Hoping to dispel the long-held belief that the late poet Emily Dickinson was a recluse who didn’t want a relationship or anyone to ever read her work (a mythology still in play cinematically as recently as 2016’s A Quiet Passion, from director Terence Davies), the wickedly smart and funny Wild Nights with Emily follows the prolific writer (Molly Shannon) through her mid-19th century life, which included trying desperately to get her works published (a series of male publishers were particularly discouraging) while also having a long-term romance with sister-in-law Susan Gilbert (Susan Ziegler), to whom many of her love poems were expressly written.
Writer/director Madeleine Olnek (The Foxy Merkins) has painstakingly covered this period in Dickinson’s life, working with literary historians to piece together as accurate an account of the writer’s life and sources of inspiration as possible. The ironic twist in Dickinson’s life story has always been that Susan’s husband/Emily’s brother Austin (Kevin Seal) was flagrantly carrying on with a woman named Mabel Todd (Amy Seimetz, currently featured in Pet Sematary), who ultimately became the person responsible for gathering and publishing Dickinson’s poetry and making them wildly popular. Her heavy editing (most of which has been reversed) and removal of Susan’s name from any of the original pages set back women writers and gay literature generations, but also made Dickinson a household name.
Although Wild Nights with Emily isn’t a comedy in the traditional sense, there is a defiance in the production that is quite amusing as the people around Dickinson misjudge or outright dismiss her talents (Brett Gelman as editor Thomas Wentworth Higginson is wonderfully and foolishly condescending). The film doesn’t wink at the fame that is to come after Dickinson’s death, but the audience knows what it knows, and the more the film erases decades-old “facts” about her, the more fascinating the entire work becomes, both as history and art. The relationship between Emily and Susan is portrayed as something perfect and fragile, but also as the most important thing in either of their lives. That makes the inability to discuss it with others all the more frustrating, which in turn makes Dickinson frustrated about just about every aspect of her personal and professional life.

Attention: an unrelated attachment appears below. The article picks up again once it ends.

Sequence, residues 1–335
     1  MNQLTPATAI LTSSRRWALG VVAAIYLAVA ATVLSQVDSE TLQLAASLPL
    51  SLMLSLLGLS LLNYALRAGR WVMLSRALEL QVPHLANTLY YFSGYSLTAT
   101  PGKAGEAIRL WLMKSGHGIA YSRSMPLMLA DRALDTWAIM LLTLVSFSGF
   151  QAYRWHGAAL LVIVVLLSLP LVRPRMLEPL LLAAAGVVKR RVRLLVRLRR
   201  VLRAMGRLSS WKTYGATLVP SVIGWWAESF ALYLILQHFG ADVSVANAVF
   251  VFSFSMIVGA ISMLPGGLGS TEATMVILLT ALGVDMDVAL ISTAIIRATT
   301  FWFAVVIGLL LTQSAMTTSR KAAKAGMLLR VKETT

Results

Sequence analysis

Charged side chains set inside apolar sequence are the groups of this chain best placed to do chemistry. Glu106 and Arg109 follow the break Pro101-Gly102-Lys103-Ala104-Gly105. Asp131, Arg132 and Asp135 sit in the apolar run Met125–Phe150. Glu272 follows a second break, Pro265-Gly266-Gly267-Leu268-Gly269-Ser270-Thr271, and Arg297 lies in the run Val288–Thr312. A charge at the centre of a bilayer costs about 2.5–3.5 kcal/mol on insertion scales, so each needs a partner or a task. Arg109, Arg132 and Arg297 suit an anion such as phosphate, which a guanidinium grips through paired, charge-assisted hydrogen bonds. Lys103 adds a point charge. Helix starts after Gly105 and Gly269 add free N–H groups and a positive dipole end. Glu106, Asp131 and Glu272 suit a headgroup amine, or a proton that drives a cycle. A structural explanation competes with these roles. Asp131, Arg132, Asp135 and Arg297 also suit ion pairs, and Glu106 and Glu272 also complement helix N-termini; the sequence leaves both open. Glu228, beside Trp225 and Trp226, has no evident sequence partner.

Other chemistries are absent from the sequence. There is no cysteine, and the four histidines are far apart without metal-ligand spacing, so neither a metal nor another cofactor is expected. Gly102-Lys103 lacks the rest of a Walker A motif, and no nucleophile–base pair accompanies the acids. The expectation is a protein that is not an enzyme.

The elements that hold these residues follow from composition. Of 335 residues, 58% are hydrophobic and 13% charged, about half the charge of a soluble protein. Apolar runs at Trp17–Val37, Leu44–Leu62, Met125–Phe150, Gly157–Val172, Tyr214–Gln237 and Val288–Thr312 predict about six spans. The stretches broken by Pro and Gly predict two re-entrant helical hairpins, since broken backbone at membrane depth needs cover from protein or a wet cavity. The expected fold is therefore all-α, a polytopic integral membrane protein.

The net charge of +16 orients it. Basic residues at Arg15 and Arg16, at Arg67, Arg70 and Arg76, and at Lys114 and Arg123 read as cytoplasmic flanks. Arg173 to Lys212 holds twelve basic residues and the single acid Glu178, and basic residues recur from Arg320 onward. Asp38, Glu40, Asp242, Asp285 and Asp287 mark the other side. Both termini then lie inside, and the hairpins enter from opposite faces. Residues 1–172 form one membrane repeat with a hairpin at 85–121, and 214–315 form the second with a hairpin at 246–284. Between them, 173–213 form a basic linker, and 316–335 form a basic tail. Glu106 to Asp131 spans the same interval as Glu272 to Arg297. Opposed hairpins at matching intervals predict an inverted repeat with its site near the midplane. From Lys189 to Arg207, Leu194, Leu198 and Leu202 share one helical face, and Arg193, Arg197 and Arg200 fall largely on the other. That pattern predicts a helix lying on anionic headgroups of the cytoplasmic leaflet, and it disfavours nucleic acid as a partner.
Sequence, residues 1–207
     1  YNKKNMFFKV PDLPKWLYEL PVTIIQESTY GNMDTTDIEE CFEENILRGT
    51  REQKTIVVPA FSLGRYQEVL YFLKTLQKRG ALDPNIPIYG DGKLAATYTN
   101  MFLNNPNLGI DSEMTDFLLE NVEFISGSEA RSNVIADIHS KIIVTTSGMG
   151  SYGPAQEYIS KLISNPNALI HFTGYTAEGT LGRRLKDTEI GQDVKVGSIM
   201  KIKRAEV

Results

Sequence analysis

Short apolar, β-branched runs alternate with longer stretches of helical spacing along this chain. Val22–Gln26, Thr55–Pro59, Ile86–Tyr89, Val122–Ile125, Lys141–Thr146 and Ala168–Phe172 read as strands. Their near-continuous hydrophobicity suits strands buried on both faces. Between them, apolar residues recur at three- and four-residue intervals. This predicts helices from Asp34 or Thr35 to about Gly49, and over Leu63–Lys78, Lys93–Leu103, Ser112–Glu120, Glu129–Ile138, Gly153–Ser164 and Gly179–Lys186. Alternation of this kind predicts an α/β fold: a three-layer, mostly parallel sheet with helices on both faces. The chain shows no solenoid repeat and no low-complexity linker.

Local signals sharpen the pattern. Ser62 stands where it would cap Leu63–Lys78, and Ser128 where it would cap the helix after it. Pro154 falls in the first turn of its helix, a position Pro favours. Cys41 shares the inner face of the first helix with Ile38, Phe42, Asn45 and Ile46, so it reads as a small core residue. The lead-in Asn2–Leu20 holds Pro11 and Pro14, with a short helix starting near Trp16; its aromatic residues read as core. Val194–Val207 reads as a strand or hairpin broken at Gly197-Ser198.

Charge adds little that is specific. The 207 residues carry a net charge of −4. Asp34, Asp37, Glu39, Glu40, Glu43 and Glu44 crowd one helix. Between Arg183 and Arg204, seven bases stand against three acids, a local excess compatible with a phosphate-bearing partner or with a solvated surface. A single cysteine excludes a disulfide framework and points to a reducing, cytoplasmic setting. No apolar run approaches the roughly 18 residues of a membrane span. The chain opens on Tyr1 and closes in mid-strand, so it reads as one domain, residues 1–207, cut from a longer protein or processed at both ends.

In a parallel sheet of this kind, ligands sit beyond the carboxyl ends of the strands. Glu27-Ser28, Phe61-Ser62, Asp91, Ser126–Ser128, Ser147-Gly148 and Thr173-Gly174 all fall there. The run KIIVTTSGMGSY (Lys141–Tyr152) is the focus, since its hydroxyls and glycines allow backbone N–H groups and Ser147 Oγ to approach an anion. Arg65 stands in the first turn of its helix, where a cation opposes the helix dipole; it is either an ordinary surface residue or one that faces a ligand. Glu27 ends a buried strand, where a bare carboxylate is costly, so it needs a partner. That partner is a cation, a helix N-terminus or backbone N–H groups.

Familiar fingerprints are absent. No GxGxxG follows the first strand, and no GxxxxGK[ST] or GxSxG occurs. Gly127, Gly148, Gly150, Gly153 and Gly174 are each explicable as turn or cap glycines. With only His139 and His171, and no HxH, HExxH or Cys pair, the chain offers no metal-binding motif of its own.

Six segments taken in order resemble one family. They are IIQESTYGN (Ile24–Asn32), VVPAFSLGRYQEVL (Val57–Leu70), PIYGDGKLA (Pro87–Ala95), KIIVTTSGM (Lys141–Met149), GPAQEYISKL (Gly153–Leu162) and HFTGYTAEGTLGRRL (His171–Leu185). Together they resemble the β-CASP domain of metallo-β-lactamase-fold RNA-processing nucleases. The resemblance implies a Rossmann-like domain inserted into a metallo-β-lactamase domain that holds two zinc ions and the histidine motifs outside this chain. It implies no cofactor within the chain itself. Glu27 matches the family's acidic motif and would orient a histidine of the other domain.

There is also something quite timely in this story of a woman finally getting her true story told. She seemed quite eager to declare her love for Susan from the rafters, and her confidence in her abilities as a writer were limitless. She was ahead of her time in so many ways that telling her story today feels absolutely modern. Director Olnek has also crafted a beautiful-looking movie that frames the story like its own epic love poem to its subject. This is one of the year’s most enjoyable films to date.
The film opens today at the Landmark Century Centre Cinema.